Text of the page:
Putting is a combination of two things: speed and aim. You’ve heard it before, and it will never change.
Let’s take speed out of the equation (wish I could in real life too!). Let’s focus on aiming in this article.
Aiming a putter is a lot harder than most people think. Think about the number of times you have seen the line perfectly when standing behind your ball, standing towards the hole. You might pick out a spot to hit (if you are a spot putter) or maybe visualize a line (if you are a line putter) leading to the hole.
Everything just looks right… until you actually get over the putt and everything changes. Now, the spot you picked out looks way off line, or the line you originally visualized is very hard to imagine anymore.
This is due solely to the fact that our eyesight is very different and at a much different angle when we are over the putt.
Your putter’s lines or dots will have an effect on where you think you are aiming, though. That’s what this article is going to be about.
Depending on a lot of things – notably your eye dominance, your putter’s alignment aids, your technique at visualizing the putt’s movement – your aim can vary drastically without you realizing it.
Everyone will react differently to a different putter style. Subconsciously, the putter you are currently using might be hindering a good, loose, fluid putting stroke. Plus, it never hurts to get a different look over putts. Heck, I’ve made 5 or so putter changes over the past 5 years, and I always love the look and feel of something new (to me).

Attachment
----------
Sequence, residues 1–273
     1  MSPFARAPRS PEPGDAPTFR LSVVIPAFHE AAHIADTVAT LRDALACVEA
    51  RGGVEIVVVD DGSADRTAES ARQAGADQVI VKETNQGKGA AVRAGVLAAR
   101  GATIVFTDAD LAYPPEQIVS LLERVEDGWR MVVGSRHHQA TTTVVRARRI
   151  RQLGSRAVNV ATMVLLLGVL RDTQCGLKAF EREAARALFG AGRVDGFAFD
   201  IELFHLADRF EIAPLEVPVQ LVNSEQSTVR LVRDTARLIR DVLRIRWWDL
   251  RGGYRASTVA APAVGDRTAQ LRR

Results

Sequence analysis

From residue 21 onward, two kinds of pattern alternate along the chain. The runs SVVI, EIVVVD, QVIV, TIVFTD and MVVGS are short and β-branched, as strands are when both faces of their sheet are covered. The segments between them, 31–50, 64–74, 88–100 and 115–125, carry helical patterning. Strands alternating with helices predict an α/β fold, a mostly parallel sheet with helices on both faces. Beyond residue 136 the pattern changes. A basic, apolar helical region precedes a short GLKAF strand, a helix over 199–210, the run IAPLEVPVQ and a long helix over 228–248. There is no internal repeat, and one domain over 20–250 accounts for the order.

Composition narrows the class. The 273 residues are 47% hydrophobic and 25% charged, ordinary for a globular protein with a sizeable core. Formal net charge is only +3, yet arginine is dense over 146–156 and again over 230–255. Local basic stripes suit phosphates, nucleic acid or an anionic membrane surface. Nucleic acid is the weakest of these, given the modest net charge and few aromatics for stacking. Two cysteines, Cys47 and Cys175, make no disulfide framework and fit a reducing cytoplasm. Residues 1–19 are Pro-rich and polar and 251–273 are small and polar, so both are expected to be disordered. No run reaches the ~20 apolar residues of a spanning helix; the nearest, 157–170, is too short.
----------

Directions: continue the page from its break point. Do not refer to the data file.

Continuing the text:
I’ll go ahead and tell you my thoughts ahead of time. I think everyone needs to try out (at least) all three different types of putters and test how well you can aim to their target with each one. They will all take some getting used to, so don’t expect it to be a quick process. I’ve listed below how you can try out each style without buying a new putter each time.
The three types of putters, in this case, are described below, with some examples and recommendations for each category.
This is the large majority of putters. You know the kind. They have lines on the topline of the putter or on the flange (bottom) of the putter.They can be blades or mallets. It might have one line, it might have 4 lines, doesn’t matter.
The putter causes you to use those lines to try to line up where you are aiming. I’m going to include putters with perpendicular lines in this category, for sake of simplicity. Many find that when using a sight line putter, they tend to try to “force” a more straight back, straight through putting motion due to the straight lines pointed to the target.
They don’t want to force the line to point right in the backstroke and then left of the target after contact. Not everyone feels this way, but many do. Many even do so unintentionally due to the sight lines.
As a result of this, it tends to tense some golfers up, at a time when tension hurts you to most. If you want to free your putting stroke up more, I’d recommend switching to a sight dot or naked putter.
My favorite sight line putters are simple Odyssey #1 or #7 putters, depending on what fits your eye better.
Pros: some find using the sight line to extend the line that they visualize on the green is the easiest way to aim.
Cons: can discourage you from making a natural arc in your putting stroke; can bog you down with distractions and tense you up